Emotions and Heart Health
Since ancient times, the heart has been a symbol of our emotions. But, scientists
have uncovered a physical link between emotions and heart health.
What the research shows
Science suggests an association among stress, depression and heart disease. The association
however is not completely understood, and more research is needed. Stress may affect
risk factors for heart disease such as high blood pressure. Stress may also affect
behaviors that increase risk such as smoking, overeating, drinking too much alcohol,
and physical inactivity. Managing and treating these conditions is important to reduce
your overall health risk.
Stress and your heart
Emotional stress causes a negative chain reaction within your body. If you're angry,
anxious, tense, frustrated, frightened, or depressed, your body's natural response
is to release stress hormones. These hormones include cortisol and adrenaline. They
prepare your body to deal with stress. They cause your heart to beat more rapidly
and your blood vessels to narrow to help push blood to the center of the body. The
hormones also increase your blood pressure. This “fight or flight” response is thought
to date back to prehistoric times, when we needed an extra burst of adrenaline to
After your stress subsides, your blood pressure and heart rate should return to normal.
If you're continually stressed out though, your body doesn't have a chance to recover.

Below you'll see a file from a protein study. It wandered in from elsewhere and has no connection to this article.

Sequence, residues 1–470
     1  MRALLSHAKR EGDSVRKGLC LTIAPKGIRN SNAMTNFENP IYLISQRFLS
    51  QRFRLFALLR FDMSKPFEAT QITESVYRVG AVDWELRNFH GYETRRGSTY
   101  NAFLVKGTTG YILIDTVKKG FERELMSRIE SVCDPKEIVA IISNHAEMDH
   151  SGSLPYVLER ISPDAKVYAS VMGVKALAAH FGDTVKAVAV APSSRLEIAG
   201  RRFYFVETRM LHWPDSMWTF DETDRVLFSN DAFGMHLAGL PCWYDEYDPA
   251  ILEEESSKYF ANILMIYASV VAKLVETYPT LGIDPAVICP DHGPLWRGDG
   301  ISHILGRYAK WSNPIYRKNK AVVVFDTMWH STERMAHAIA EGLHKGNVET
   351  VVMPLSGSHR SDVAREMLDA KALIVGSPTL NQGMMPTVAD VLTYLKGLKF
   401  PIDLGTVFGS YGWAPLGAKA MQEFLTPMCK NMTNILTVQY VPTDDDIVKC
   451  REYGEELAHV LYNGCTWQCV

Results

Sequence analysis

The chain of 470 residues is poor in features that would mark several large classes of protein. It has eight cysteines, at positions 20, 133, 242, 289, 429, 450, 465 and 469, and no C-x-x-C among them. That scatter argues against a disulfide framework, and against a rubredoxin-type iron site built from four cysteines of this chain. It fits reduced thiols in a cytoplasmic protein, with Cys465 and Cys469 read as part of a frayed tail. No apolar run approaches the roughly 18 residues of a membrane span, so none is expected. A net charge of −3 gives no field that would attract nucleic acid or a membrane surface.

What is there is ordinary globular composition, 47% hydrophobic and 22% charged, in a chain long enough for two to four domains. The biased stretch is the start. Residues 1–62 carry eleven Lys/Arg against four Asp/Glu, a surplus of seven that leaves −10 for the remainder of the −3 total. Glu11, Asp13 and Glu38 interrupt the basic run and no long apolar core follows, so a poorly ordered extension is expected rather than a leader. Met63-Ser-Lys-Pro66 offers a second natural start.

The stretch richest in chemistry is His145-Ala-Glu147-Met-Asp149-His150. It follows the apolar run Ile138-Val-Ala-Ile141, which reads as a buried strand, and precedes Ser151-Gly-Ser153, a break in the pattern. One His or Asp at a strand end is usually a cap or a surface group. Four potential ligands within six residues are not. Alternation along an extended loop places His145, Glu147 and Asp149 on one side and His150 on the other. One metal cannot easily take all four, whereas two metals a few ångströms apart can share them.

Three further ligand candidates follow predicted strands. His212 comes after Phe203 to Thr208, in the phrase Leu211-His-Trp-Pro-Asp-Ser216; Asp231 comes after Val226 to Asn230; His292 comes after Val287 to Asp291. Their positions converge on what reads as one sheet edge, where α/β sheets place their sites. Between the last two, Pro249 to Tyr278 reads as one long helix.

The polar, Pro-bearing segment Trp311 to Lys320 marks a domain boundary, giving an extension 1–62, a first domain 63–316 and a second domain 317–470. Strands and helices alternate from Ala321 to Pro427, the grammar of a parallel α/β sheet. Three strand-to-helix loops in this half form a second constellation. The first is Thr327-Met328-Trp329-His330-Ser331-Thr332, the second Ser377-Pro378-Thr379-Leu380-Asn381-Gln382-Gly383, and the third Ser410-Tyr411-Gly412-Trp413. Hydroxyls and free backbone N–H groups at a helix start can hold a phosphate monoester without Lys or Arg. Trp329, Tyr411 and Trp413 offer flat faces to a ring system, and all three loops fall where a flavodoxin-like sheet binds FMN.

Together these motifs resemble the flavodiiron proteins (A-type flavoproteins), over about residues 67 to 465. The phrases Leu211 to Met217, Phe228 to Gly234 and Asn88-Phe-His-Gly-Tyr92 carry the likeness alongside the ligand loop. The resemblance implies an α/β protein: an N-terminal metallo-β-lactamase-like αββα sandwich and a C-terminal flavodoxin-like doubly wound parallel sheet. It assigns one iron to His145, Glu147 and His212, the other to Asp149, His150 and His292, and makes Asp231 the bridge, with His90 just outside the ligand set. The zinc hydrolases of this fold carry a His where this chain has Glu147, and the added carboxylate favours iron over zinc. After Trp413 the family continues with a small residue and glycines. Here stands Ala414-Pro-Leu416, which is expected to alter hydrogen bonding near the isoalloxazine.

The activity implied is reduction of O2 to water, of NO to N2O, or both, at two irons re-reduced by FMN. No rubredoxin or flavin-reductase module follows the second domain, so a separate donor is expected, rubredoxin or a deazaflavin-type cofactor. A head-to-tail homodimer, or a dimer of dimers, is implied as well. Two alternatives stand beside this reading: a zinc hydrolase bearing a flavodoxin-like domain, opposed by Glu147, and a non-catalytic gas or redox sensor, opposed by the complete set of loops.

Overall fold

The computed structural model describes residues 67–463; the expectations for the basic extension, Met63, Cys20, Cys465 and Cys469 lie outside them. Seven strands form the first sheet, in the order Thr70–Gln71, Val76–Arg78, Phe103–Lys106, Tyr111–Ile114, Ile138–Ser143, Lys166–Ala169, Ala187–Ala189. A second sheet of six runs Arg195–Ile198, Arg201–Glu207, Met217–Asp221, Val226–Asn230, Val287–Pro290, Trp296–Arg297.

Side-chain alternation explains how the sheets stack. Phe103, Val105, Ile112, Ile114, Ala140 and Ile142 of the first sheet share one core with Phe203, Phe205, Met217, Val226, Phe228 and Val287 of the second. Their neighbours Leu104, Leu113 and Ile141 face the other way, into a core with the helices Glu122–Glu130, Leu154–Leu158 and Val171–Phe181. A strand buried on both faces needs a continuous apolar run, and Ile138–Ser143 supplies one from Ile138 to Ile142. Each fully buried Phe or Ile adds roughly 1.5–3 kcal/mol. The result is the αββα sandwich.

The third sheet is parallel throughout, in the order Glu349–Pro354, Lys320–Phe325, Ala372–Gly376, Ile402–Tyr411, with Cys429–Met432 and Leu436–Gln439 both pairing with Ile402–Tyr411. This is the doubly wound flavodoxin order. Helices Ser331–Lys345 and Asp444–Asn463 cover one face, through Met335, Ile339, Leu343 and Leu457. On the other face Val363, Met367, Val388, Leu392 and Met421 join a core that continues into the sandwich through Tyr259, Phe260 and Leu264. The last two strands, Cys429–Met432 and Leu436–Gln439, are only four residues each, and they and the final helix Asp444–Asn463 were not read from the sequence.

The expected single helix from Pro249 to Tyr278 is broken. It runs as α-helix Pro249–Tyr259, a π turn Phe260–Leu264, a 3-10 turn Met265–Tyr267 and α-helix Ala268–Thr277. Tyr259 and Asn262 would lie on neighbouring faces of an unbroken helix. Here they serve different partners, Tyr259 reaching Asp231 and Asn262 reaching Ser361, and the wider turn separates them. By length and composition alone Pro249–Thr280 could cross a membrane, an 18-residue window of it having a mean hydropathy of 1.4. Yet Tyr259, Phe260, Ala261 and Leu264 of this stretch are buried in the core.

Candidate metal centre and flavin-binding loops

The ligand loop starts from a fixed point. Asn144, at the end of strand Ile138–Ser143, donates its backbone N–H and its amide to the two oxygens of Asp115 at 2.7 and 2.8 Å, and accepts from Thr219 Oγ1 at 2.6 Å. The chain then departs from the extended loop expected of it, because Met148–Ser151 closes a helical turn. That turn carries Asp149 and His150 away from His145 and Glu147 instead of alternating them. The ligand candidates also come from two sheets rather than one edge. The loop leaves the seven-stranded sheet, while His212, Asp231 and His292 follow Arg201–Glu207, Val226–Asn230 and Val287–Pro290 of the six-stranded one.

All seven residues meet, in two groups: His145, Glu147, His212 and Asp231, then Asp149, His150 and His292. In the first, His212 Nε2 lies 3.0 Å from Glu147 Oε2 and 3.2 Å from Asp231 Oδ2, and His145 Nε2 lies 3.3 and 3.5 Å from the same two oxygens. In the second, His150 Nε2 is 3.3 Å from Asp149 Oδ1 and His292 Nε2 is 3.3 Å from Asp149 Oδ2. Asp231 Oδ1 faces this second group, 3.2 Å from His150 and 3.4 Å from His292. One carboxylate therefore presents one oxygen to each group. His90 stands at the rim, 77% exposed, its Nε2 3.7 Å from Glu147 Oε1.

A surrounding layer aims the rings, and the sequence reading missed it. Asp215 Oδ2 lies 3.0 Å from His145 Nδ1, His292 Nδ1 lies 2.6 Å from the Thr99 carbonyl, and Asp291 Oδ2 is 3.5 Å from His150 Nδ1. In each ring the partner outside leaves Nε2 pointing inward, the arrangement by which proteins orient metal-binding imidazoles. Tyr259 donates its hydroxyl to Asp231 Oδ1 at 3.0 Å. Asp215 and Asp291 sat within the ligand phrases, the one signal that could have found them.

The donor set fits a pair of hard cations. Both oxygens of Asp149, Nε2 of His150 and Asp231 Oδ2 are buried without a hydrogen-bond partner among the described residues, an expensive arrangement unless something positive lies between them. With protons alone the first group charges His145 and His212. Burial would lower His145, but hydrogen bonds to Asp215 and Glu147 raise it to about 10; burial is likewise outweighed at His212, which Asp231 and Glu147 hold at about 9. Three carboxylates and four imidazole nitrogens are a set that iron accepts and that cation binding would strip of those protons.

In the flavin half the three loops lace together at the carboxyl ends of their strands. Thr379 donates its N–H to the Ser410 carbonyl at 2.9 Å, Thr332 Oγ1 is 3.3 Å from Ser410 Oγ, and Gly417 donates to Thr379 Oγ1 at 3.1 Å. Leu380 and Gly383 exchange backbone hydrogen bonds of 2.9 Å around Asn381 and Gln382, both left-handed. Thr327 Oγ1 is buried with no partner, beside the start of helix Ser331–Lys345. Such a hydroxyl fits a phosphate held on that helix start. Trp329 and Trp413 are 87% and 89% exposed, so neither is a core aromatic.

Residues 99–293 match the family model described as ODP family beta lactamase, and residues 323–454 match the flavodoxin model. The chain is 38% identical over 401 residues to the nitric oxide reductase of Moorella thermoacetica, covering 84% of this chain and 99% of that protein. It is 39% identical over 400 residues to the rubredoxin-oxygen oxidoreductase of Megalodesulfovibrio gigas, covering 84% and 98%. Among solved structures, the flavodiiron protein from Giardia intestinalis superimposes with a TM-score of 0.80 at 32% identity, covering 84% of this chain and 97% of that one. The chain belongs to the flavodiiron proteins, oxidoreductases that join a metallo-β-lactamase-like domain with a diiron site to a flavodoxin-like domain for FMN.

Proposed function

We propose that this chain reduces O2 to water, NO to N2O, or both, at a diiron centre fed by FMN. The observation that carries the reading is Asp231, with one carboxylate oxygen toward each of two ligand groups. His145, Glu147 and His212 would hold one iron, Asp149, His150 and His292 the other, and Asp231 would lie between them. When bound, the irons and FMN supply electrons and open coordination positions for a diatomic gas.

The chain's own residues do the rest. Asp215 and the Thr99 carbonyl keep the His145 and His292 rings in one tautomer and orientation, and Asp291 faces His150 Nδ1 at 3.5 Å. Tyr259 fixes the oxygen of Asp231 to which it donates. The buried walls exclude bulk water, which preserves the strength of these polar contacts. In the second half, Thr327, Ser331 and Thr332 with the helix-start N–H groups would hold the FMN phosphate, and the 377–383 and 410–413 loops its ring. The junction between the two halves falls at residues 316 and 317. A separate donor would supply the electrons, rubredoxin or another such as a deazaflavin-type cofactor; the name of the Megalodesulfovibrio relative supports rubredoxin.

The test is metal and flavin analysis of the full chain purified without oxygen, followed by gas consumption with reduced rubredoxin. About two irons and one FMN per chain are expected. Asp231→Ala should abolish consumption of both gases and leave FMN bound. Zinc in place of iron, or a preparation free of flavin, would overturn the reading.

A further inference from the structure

This may lead to damage of your artery walls.
Although it is not clear that stress alone causes high blood pressure or heart disease,
it does pose an indirect risk and also has a negative effect on your general wellness.
Stress and your reactions
You can manage stress in both healthy and unhealthy ways. Unfortunately, many of us
deal with stress by smoking, drinking too much, and overeating. All of these unhealthy
habits can contribute to heart disease. But using healthy ways to keep your stress
under control allows you to better protect yourself against heart disease. Try these
Exercise. When you are anxious and tense, exercise is a great way to burn off all that excess
energy and stress. Go for a walk, a bike ride, or a swim, or go to the gym for your
Breathe deeply. Yoga is not only good for your body, but for your mind, too. The meditative, deep
breathing done in yoga is calming and relieves stress, especially if you do it regularly.
Take a break. When your stress level rises, take a few minutes to escape your surroundings. Spend
a few quiet moments alone, read a short story, or listen to your favorite music. Cultivate
gratitude. Make a list of what you're grateful for in your life to focus on the positives.
Get together with friends. Social media is no substitute for being with people you love. Create some weekly
rituals with your friends. If they live far away, try volunteering or joining a local
group of people with similar interests to yours. Research suggests that people with
frequent social connections enjoy better protection against high blood pressure.
Scientists need to do more research to look more closely at the link between emotional
health and heart health. But the existing evidence is consistent enough to prove that
you should take its potential effects on your heart seriously. Exercise regularly
and keep your emotional health in check, and you’ll build a stronger buffer against